The new American front line replaced Tobin Heath, Megan Rapinoe and Alex Morgan, who scored a record-tying five goals Tuesday. Pugh In a sign of American depth, new starters included the 36-year-old Lloyd, who scored a hat trick in the 2015 World Cup final victory over Japan. Lloyd was among five U.S. players who were on the field for every minute of the 2015 World Cup, joined by Sauerbrunn, goalkeeper Hope Solo and defenders Julie Johnston and Meghan Klingenberg 

Claudia Endler of Chile punches the ball clear during the 2019 FIFA Women's World Cup France group F match between USA and Chile at Parc des Princes on Sunday

Claudia Endler of Chile punches the ball clear during the 2019 FIFA Women’s World Cup France group F match between USA and Chile at Parc des Princes on Sunday

Rapinoe pointed to the team’s young players who scored their first World Cup goals and said they had every right to celebrate, including Samantha Mewis, Rose Lavelle, Mallory Pugh and Lindsey Horan.

In a postgame show of sportsmanship, the U.S. team also consoled some of the emotional Thai players. Morgan offered encouragement to forward Miranda Nild, who like Morgan played college soccer at Cal.

In a postgame show of sportsmanship, the U.S. team also consoled some of the emotional Thai players. Alex Morgan (left) offered encouragement to forward Miranda Nild (right), who like Morgan played college soccer at Cal

In a postgame show of sportsmanship, the U.S. team also consoled some of the emotional Thai players. Alex Morgan (left) offered encouragement to forward Miranda Nild (right), who like Morgan played college soccer at Cal

Thailand’s players were disappointed, but they have also been on the other end of blowouts. Thailand won a friendly over Indonesia 13-0 last year, and beat Cambodia 11-0 in the group stage of the AFF Women’s Championship. (Thailand lost 5-1 to Sweden on Sunday) 

‘In football games, everybody is following the rules, and everyone is trying their best,’ Thailand coach Nuengrutai Srathongvian said. ‘We have to accept that, this team is very good. We don’t have any excuse, except they are better.’

Some have suggested that the blowout win for the U.S. just highlights the uneven playing field in this tournament.  

Players for the defending champion U.S. team enjoy things like nutritionists and massage therapists, access to top-level training facilities and play an array of exhibition games against world-class competition. Thailand struggles for the basics, even a large enough player pool to draw on for talent. They play a limited number of friendlies against quality opponents and players need jobs outside of soccer to make ends meet.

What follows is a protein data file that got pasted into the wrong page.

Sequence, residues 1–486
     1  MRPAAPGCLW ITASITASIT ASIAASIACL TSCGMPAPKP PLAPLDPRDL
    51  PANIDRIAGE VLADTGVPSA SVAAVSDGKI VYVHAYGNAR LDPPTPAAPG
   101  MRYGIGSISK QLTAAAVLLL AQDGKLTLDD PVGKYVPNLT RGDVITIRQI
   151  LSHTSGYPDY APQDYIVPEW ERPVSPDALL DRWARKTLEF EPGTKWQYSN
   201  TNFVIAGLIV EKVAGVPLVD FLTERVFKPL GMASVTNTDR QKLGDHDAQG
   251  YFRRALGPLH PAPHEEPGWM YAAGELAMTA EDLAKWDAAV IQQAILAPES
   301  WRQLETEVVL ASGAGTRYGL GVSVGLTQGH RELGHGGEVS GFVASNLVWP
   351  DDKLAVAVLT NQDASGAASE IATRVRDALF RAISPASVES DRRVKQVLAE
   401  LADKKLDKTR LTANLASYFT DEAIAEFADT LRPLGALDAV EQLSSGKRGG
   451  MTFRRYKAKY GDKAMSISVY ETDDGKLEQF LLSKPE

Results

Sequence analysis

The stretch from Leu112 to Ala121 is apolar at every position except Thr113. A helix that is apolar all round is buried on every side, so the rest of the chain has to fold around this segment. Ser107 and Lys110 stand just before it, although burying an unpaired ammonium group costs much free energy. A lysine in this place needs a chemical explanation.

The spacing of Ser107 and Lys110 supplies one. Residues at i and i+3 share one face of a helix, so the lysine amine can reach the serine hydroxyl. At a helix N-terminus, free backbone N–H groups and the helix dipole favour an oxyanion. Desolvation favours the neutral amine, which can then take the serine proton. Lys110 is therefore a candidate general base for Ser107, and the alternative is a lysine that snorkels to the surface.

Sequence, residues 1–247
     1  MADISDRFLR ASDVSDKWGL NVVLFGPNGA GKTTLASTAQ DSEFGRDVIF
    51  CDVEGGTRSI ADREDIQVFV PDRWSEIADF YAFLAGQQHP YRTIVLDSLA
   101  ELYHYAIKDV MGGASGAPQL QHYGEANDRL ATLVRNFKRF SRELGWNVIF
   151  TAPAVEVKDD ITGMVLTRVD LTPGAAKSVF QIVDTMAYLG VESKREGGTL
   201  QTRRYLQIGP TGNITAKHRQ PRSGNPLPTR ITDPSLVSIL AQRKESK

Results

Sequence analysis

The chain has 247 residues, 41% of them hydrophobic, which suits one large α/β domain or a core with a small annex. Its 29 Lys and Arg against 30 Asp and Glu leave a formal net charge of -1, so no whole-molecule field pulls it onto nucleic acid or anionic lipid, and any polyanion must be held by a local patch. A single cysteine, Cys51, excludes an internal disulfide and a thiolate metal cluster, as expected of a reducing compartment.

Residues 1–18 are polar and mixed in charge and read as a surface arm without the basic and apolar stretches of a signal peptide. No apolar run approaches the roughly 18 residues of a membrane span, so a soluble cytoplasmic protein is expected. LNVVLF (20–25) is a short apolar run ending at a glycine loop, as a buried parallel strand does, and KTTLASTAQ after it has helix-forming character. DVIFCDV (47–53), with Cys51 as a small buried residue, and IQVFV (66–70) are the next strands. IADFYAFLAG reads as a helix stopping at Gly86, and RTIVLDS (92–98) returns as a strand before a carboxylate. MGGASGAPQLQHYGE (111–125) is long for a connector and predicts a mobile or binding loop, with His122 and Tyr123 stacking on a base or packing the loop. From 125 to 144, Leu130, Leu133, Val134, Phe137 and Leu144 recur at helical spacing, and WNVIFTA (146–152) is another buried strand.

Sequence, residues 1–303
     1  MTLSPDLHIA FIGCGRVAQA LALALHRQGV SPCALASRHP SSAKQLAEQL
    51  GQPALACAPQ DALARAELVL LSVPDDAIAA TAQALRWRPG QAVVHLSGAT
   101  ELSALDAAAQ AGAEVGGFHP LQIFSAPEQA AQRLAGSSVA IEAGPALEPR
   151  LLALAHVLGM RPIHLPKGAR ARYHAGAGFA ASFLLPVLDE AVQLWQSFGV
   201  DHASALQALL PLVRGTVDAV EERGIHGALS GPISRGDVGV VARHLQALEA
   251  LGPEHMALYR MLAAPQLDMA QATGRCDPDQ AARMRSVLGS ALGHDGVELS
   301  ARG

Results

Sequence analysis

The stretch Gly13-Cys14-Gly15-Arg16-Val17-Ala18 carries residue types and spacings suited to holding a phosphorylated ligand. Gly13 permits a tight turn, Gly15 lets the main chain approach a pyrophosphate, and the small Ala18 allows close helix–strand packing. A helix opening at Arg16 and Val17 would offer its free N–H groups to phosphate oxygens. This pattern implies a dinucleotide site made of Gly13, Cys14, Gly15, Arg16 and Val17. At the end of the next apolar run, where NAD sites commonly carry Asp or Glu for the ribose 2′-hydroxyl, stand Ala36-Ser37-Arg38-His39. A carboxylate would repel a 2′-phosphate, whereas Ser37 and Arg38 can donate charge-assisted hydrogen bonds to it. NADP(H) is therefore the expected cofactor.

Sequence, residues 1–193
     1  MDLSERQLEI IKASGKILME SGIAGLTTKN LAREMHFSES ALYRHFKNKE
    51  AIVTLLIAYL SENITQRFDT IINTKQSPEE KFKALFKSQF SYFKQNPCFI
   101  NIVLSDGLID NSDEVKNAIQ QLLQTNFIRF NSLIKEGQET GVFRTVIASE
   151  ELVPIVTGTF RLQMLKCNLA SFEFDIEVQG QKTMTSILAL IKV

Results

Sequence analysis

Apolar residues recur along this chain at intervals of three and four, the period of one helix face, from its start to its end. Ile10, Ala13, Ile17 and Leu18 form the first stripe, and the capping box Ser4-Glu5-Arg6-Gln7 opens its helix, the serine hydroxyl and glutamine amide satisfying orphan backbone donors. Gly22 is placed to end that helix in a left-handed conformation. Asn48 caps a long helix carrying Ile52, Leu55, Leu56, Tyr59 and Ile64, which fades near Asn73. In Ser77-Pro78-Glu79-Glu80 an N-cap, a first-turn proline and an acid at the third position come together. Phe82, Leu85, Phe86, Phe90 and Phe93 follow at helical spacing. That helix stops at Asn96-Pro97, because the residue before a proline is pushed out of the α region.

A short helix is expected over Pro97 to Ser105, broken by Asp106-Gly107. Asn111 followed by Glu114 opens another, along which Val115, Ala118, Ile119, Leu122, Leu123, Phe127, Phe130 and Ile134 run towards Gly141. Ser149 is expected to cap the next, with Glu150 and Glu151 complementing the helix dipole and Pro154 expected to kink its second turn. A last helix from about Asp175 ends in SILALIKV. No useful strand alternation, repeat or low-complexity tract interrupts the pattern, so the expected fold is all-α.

‘There are some teams here that, since the last World Cup, have only played a handful of games, or only the qualifiers,’ Rapinoe said. ‘It’s embarrassing for the federations and for FIFA as well.

Crystal Dunn and Julie Ertz of USA sit on the pitch during a stadium walk through

Crystal Dunn and Julie Ertz of USA sit on the pitch during a stadium walk through 

Former US player Abby Wambach also supported her old teammates: ‘For all that have issue with many goals: for some players this is their first World Cup goal, and they should be excited. 

‘Imagine it being you out there. This is your dream of playing and then scoring in a World Cup. Celebrate. Would you tell a men’s team to not score or celebrate?’ 

Fox Sports presenter Aly Wagner added: ‘It’s a World Cup. You score, you celebrate. This is a dream for these players.’  

Goals can be used to determine tiebreakers in group play, and team captain Megan Rapinoe said the U.S. women aren’t taking any chances. 

‘Obviously we have the utmost respect for everyone we play, but it’s the World Cup,’ Rapinoe said. 

Other commentators and fans on Twitter have described the jubilant celebrations as unsporting and even ‘disgusting.’  

The debate over sportsmanship got so heated that former Canadian team player and TSN analyst Kaylyn Kyle says she received death threats after criticizing the U.S. women. 

‘They’re the No. 1 team in the world and for me, I’m disgusted, honestly.